Germany and Netherlands are neighboring countries, thus it is very easy to cross the border between these two countries. However, if you travel from Germany to Netherlands you should take into account the similarities and differences between Germany and Netherlands. I outlined the differences in driving style, roads and cultural differences in my blog the Differences between Netherlands and Germany for road trip travels. When you prepare your cross border trip, the next step to decide is which cities in the borders of these two countries to visit. I have written a blog about the German cities to visit close to the Netherlands. In this blog, I will highlight nice Dutch cities to visit in the Netherlands, which are close to the borders of Germany.
Which Dutch cities or towns to visit close to Germany?
There are many good places to visit in the Netherlands which are close to the border of Germany. Here are some of the recommended places, starting from the Northern going to the Southern part of the Netherlands (see map below). Each place is less than 30 minutes drive from the bordering German town or city.
Bourtange is a fortified village in the North of the Netherlands that was restored as a living museum resembling the medieval lifestyle during the 17th century. This fortress played an important role during the 80 years war between the Dutch and the Spanish. Visiting Bourtange is both educational and fun for families with children. There are some educational museums where children can play. For more information about Bourtange, you can read my blog Discover Bourtange Netherlands.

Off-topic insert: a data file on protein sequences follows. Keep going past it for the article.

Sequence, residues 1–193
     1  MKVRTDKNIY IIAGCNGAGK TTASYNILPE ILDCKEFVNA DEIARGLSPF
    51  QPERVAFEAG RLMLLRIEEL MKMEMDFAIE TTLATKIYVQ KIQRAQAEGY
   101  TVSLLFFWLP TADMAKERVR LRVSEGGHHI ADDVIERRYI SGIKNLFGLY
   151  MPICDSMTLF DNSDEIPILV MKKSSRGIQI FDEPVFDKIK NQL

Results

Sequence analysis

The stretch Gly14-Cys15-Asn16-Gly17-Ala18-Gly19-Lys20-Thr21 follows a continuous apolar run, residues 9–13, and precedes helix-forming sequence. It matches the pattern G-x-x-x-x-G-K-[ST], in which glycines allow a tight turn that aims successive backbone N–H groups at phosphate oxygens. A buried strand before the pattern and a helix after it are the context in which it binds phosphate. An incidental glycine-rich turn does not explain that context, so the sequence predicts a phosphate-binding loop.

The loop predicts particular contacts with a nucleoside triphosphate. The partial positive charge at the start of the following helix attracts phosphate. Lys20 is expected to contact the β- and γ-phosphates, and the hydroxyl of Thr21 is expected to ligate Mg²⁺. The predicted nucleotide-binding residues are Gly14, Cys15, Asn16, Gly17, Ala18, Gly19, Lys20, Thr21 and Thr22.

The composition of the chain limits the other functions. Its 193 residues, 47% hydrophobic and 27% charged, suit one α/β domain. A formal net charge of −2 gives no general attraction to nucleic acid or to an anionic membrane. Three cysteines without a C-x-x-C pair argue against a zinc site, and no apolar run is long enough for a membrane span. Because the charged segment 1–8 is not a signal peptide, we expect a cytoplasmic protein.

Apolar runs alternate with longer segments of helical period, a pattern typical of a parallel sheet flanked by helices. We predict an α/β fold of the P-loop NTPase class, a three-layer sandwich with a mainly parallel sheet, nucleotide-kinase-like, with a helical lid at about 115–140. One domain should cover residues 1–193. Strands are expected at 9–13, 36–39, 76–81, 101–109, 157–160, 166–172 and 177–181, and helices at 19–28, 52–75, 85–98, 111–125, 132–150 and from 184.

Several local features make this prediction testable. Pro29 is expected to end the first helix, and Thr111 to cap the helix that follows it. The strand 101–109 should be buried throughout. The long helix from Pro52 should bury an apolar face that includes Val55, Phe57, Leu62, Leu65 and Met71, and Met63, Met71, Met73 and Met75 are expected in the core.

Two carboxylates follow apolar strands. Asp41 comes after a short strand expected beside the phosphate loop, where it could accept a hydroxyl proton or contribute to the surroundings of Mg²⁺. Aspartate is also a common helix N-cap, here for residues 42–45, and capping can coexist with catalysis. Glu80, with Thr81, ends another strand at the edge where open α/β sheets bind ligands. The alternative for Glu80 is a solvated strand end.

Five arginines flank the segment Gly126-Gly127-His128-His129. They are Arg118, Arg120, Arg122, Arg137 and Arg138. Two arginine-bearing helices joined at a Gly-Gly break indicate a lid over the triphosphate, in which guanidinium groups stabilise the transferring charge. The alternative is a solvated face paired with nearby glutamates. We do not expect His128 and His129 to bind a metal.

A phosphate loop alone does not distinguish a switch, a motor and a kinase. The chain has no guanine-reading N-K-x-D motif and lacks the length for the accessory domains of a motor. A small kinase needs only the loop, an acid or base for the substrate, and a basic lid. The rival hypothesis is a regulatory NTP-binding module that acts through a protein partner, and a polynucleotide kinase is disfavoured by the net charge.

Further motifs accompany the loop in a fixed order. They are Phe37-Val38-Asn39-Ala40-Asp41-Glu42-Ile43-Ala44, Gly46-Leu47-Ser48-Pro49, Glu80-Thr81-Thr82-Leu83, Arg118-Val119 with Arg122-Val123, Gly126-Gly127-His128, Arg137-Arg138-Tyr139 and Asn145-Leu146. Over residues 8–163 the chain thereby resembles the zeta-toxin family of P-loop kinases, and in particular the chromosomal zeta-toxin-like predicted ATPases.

2. Drenthe Hunebeds and Zoo
Drenthe is considered as one of the oldest province in the Netherlands since the first inhabitants of this country lived there. You can find many of the ‘hunebeds’, of which some are over 5000 years old. Hunebeds functioned as passage graves or burial chambers made of stones that could weigh 40 tons each in Drenthe. These megalithic structures are comparable to the Stonehenge in England and dolmens and menhirs in France. If your family is more into history and interested in the past way of living, this place is definitely a good place to visit.
In addition to this Hunebeds, Drenthe is also famous for the Wildlands Emmen Zoo. Compared to other zoo in the Netherlands, this zoo has a “wild adventure set-up” encouraging family to experience adventure. Combining your weekend by visiting the hunebeds and zoo in Drenthe during weekends is a good family getaway.
3. Slagharen Theme Park
Interested to go on a theme park with Wild West Setting? Well, there is really no need to get out of the Netherlands since it can be found in one of the Dutch cities close to Germany. Slagharen theme park has a Wild West setting theme park in the Netherlands and it is only half an hour drive from Germany. It gives an authentic feeling on how the native Indians live in the American region many years back. This theme park offers variety of rides, which are very good for kids of different ages. A review of this theme park could be found on my blog Slagharen Theme Park.